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What does your ISP see when using a VPN in the US?

What does your ISP see when using a VPN in the US?

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You are probably aware that US ISPs will struggle with all their might to be able to sell your browsing habits for profit. If not, the best example of this behavior is when ISPs sued Maine for daring to protect the privacy of its citizens. Using a VPN in the US is pretty much a must if you don’t care about sharing your online habits with shady advertisers.

Of course, you will need a VPN capable of no logs for the job (such networks https://proprivacy.com/vpn/comparison/best-usa-vpn). Otherwise, you risk running into the same problems with β€œfree” VPN service providers. Just last year, several of these providers leaked data of 20 million people online, despite claiming to keep no logs of user activity.

However, it is fair to say that even top-tier VPNs cannot make you completely invisible on the web. Sure, the data your ISP can see about you while using a VPN won’t put your privacy at risk, but it’s worth staying updated. Anyway, here’s what they know.

#1 Your IP Addresses and VPN Server IP Addresses

Your IP address can reveal a lot about your real location – your country, city, and even your zip code. VPNs hide your real IP address and assign a new one based on the server you are connected to. This is not only good for your privacy but also helps you bypass geo-blocking and access content from outside.

However, a US VPN cannot hide your real IP address and location from your ISP – after all, they are the ones who assign it to you. Also, they still know who you are and where you live (otherwise how are you going to pay the bills?)

They are also aware of the IP address of the VPN server your device is connected to. Fortunately, that’s it. For all intents and purposes, your IP only “connects” to the VPN server, and your ISP cannot see which websites and services are capable of the network you’re using.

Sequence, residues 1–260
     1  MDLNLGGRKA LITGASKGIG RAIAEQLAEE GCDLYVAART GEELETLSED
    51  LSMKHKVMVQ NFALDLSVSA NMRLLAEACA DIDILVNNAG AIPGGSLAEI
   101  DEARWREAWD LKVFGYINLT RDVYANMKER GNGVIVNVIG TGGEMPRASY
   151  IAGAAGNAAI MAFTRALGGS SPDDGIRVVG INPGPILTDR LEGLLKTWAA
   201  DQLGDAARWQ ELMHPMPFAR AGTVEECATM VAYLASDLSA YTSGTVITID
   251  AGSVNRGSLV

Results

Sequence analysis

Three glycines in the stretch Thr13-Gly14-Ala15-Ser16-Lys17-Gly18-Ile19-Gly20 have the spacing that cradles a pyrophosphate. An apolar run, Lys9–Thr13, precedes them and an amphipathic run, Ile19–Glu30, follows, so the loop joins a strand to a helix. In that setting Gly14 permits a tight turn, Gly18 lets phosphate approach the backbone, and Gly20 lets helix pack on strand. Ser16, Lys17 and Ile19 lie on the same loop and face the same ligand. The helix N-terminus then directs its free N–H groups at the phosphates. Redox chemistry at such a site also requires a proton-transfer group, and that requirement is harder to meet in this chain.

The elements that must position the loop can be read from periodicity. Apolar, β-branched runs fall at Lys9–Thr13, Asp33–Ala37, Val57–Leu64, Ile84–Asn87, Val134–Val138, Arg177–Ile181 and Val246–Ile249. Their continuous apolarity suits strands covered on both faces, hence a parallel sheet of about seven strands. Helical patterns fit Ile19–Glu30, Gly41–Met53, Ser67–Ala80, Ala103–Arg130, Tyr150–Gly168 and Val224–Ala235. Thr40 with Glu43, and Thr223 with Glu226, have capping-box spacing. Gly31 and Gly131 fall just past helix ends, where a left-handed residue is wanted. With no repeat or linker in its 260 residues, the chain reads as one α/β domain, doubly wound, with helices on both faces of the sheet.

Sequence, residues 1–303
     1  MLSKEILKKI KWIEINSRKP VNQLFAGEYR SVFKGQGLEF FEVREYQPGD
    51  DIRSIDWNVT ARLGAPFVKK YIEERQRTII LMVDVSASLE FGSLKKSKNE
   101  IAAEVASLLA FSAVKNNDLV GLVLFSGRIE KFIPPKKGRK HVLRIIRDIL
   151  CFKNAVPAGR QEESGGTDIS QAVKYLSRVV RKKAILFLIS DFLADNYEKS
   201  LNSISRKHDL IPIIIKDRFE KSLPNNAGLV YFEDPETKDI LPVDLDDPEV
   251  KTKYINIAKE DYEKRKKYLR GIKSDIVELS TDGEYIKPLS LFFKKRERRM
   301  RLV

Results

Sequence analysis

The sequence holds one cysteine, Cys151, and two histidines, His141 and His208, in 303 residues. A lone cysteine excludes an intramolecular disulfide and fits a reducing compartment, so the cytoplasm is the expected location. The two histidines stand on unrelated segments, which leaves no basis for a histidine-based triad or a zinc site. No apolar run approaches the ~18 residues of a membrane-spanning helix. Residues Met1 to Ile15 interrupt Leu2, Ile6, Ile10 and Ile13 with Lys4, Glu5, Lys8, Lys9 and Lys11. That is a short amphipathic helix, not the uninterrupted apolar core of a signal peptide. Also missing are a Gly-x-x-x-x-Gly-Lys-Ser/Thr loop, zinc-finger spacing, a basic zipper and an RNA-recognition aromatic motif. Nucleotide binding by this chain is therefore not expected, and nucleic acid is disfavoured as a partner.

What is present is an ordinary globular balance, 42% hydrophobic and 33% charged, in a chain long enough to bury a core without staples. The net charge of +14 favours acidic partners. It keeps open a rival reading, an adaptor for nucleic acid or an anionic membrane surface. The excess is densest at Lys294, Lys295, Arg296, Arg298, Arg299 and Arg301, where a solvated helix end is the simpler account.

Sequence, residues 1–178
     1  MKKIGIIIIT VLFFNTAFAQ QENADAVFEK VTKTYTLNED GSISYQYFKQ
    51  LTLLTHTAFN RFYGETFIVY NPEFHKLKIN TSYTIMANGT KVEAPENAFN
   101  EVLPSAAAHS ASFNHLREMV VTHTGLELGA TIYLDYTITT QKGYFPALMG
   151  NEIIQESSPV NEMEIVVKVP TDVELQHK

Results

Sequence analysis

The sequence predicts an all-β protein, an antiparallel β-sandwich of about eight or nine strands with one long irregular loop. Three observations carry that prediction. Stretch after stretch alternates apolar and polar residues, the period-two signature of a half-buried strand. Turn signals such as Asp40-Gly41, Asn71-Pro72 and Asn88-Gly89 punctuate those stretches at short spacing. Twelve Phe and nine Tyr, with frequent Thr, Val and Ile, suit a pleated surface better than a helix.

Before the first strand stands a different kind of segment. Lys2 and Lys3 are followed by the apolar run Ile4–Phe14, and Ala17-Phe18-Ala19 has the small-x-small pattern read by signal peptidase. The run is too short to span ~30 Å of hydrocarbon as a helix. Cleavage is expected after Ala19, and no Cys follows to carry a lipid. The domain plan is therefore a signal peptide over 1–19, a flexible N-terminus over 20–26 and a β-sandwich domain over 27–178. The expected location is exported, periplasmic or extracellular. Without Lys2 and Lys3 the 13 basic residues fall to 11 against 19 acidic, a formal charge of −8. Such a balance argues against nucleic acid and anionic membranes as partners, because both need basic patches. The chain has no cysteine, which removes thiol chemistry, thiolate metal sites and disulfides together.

#2 Encrypted data stream

Even if you haven’t seen the matrixYou probably know the distinctive green digital “rain” effect. Now, the data stream that makes up your online activity might not sound great to your ISP (or other third parties snooping on you), but it still sounds like crap.

In short, there is nothing to worry about. Your encrypted data is just as valuable to advertisers and hackers as the Matrix Rain Effect GIF.

The only country in the world that people will worry about is Kazakhstan. why? Well, in 2019, the government forced local ISPs to urge their users to install root certificates on their devices and browsers – lest they risk losing Internet access. These certificates would have allowed them to see all encrypted traffic, including HTTPS traffic. Fortunately, these plans were later abandoned.

#3 Which VPN Protocol You Are Using

There are quite a few VPN protocols, each with its own strengths, speed, and level of security. We will not go into detail about what each person does, as this is beyond the scope of the article. However, we will say that each protocol uses a specific port number, so your ISP can infer which protocol you are using. For example, OpenVPN – the most used protocol at the moment – runs on UDP port 1194 by default.

Some ISPs or public Wi-Fi providers may choose to block traffic for services depending on the port number. Say, block ports 27000-27030 on college Wi-Fi, to prevent students from downloading and playing Steam games.

Schools and workplaces may also choose to block VPN traffic in this way, although it is less likely. Fortunately, this can be easily avoided by setting up a VPN with port forwarding. Essentially, redirecting the traffic to a different port – usually port 443, which is used by HTTPS traffic. This makes it impossible to block VPN traffic without affecting most of the normal traffic.

#4 Metadata related to VPN

First, your ISP can know the exact time to connect to the VPN, as they can tell when your device starts connecting to the VPN server. Moreover, they can see how much data is being transferred between you and the VPN.

All of this data passes through your ISP’s servers in encrypted form, of course. They can see that you used up to 30GB of data on a given day; They can’t tell what it’s made of. There is no browsing data, nor any of the videos you watched, nor any of the files you downloaded. Just a big piece of chatter.

Unfortunately, this means that you can’t get around data caps with a VPN in the US. Yes, we know, setting data limits is a silly practice. Despite this, VPNs are still a useful tool, both for your privacy and entertainment needs – so give it a try using the link provided at the beginning of this article.

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